Not to labour the A-class comparison, but there's a lot of Mercedes in the way the Q30 gets down the road. That's generally not a bad thing, particularly in terms of ride comfort. The Q30 is no magic carpet, but it's still better than the Mercedes despite the German car's recent ride improvements - thank a dash of extra suspension travel for that, and the Q30's comfortable seats also absorb some ripples from the road. We'd say it's better than any of its premium rivals in this regard.
It doesn't seem to have sacrificed too much in the way of body control either, despite the slightly raised ride height. Again, the measured ride quality helps, absorbing some bumps that might otherwise disturb the Q30's composure in a corner.
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What it doesn't feel is particularly nimble. The Q30's steering lacks the initial bite of some and you also need to wind on a little more lock for a given corner than is ideal. That the steering is also quite light and feedback is almost absent doesn't help, though you do learn to trust the grip available. Push hard and there's little joy to be had, but if you cut your speed a little and concentrate on smooth inputs, you can make swift progress.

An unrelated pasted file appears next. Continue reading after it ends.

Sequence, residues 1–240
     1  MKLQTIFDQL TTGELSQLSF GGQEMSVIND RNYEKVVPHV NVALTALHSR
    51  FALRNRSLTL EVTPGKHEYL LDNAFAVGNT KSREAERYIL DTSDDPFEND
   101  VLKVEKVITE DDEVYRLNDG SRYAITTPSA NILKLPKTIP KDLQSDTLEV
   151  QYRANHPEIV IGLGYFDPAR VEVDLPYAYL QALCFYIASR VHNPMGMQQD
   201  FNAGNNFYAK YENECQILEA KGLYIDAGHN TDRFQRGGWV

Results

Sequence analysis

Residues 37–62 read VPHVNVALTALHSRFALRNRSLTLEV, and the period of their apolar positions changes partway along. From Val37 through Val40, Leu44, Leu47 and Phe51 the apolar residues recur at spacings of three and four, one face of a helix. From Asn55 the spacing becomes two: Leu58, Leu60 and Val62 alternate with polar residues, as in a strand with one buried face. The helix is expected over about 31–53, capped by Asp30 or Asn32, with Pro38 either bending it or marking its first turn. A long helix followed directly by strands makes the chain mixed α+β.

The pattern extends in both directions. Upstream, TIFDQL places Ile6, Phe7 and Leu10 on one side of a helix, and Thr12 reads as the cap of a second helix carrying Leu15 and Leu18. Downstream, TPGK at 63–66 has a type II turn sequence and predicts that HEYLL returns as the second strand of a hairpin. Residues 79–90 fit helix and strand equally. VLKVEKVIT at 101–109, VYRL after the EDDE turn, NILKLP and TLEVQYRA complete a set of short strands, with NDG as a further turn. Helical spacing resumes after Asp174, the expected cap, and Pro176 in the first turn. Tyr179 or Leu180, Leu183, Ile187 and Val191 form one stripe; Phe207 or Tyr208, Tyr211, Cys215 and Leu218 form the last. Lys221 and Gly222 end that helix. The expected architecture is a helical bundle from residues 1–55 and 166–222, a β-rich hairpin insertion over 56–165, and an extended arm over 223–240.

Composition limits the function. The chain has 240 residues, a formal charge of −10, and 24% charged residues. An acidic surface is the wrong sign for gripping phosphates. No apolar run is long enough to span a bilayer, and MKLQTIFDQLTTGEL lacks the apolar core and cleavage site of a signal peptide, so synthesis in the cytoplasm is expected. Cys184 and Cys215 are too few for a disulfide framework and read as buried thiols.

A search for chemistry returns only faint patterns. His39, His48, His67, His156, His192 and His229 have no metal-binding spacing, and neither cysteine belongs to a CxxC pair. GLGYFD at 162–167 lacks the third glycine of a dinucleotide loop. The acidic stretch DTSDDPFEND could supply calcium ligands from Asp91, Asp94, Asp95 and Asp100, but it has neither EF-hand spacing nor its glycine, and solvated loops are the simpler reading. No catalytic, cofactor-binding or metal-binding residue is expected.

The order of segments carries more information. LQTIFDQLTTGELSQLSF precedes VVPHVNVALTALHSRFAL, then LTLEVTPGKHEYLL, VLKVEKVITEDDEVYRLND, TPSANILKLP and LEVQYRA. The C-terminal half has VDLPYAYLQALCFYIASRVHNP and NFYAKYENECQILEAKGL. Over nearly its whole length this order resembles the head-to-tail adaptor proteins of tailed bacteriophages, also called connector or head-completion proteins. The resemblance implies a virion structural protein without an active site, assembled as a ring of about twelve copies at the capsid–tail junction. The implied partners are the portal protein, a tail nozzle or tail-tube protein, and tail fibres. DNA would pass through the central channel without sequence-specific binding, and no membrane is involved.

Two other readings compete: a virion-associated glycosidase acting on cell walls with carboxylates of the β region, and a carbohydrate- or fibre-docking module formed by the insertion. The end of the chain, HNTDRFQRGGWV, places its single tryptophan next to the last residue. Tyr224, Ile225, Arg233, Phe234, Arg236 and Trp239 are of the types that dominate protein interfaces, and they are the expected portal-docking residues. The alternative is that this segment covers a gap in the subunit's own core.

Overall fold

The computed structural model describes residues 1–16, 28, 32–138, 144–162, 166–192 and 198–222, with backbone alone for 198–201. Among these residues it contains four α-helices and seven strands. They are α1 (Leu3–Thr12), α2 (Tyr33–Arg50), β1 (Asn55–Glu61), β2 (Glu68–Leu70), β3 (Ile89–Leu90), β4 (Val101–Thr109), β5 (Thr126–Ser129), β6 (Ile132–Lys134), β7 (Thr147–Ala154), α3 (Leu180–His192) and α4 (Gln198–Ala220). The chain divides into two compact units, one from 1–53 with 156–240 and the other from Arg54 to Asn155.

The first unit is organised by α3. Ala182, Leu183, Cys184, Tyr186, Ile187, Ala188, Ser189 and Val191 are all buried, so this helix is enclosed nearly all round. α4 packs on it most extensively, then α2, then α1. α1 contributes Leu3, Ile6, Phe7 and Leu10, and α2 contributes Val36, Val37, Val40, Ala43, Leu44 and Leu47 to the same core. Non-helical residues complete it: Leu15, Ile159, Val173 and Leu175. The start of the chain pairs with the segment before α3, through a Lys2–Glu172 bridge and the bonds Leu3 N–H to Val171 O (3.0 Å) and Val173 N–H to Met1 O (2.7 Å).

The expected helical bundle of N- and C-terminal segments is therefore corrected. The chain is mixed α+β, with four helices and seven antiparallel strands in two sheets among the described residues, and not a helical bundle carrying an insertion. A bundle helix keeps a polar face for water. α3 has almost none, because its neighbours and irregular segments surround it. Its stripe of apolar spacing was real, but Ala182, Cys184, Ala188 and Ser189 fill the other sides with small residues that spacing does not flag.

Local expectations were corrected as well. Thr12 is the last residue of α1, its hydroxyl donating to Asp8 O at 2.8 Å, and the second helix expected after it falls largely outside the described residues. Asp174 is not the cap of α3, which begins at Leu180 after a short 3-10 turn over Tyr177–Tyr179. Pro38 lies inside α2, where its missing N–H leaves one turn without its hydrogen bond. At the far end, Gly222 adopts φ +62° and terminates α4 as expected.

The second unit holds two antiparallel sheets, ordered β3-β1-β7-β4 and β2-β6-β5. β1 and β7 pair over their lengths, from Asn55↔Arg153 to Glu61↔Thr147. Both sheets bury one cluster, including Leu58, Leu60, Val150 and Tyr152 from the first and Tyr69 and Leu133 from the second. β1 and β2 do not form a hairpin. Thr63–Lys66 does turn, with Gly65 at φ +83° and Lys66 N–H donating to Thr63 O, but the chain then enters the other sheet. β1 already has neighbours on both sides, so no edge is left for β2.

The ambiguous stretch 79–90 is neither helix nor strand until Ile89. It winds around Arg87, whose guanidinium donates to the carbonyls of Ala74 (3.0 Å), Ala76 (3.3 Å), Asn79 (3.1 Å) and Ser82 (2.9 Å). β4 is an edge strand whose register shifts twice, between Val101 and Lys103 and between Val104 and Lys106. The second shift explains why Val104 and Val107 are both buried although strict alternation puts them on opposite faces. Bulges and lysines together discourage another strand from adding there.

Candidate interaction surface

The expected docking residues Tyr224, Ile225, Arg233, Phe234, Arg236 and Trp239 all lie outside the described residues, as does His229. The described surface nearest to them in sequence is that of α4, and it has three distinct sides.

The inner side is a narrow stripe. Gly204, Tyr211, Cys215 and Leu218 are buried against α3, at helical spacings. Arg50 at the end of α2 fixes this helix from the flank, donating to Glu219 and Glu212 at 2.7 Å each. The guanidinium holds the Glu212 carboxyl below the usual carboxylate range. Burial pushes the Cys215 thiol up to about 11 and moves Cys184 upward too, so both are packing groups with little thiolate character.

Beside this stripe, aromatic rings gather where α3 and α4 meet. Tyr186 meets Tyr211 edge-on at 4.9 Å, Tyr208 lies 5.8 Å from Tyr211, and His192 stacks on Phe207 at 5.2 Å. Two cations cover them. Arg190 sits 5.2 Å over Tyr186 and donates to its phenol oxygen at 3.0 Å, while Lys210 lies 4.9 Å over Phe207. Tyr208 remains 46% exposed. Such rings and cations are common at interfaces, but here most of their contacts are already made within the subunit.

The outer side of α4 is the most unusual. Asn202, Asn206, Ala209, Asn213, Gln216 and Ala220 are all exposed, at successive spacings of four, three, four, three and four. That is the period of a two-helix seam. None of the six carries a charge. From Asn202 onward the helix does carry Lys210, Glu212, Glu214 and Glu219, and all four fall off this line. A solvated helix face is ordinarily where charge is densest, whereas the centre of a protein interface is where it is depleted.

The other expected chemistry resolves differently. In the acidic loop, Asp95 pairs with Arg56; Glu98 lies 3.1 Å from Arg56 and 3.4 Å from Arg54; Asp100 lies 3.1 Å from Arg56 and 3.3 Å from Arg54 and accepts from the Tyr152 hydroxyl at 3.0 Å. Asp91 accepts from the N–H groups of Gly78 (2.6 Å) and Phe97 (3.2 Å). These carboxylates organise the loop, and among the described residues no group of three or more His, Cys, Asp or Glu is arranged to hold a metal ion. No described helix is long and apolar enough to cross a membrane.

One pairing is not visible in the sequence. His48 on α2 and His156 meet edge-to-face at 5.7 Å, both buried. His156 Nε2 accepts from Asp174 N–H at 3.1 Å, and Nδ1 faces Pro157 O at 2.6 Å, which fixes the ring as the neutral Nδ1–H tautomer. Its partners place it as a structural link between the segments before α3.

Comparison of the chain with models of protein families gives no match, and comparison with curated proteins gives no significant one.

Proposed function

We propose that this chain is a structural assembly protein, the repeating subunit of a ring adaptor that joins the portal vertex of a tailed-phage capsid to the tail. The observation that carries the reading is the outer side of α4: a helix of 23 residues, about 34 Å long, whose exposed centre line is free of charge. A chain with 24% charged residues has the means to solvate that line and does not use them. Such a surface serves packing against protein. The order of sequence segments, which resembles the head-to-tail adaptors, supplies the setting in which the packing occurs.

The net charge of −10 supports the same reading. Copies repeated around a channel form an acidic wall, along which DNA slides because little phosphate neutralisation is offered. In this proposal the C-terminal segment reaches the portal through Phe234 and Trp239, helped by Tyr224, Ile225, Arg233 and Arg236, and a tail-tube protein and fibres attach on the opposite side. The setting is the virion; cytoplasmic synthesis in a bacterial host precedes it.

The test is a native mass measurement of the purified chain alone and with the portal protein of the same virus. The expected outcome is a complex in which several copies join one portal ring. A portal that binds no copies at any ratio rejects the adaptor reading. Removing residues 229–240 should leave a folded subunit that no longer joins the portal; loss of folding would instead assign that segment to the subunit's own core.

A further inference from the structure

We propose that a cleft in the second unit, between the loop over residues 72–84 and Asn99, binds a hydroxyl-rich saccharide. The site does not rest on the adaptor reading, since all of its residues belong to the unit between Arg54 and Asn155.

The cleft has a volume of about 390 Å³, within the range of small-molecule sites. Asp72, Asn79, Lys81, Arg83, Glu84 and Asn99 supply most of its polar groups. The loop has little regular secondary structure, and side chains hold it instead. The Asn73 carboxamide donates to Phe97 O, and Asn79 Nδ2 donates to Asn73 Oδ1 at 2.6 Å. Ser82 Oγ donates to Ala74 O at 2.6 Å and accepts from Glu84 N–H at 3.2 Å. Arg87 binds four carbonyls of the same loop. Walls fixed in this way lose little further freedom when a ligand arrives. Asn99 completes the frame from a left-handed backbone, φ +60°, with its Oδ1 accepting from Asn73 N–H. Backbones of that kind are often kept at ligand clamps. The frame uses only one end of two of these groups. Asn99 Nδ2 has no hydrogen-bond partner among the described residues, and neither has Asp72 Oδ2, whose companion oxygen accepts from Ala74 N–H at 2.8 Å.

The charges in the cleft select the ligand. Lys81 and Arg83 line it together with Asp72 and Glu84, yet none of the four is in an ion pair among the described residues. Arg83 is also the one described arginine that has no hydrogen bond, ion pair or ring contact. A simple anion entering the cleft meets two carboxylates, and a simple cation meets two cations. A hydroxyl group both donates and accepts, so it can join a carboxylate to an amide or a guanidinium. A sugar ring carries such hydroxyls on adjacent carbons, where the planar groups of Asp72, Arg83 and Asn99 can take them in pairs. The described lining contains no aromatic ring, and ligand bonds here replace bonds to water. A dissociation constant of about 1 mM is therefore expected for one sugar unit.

There's not the B-road appeal you'd find in a 1-series then, but the Q30's ride quality and easy controls would soothe away the commute or a long motorway journey better than most.
In This Review
- 1Infiniti Q30 review - Japanese premium compact takes on German rivals
- 2Infiniti Q30 performance and 0-60mph time
- 3Infiniti Q30 engine and gearbox
- 4Infiniti Q30 ride and handling - currently reading
- 5Infiniti Q30 MPG and running costs
- 6Infiniti Q30 prices, specs and rivals
- 7Infiniti Q30 interior and tech
- 8Infiniti Q30 design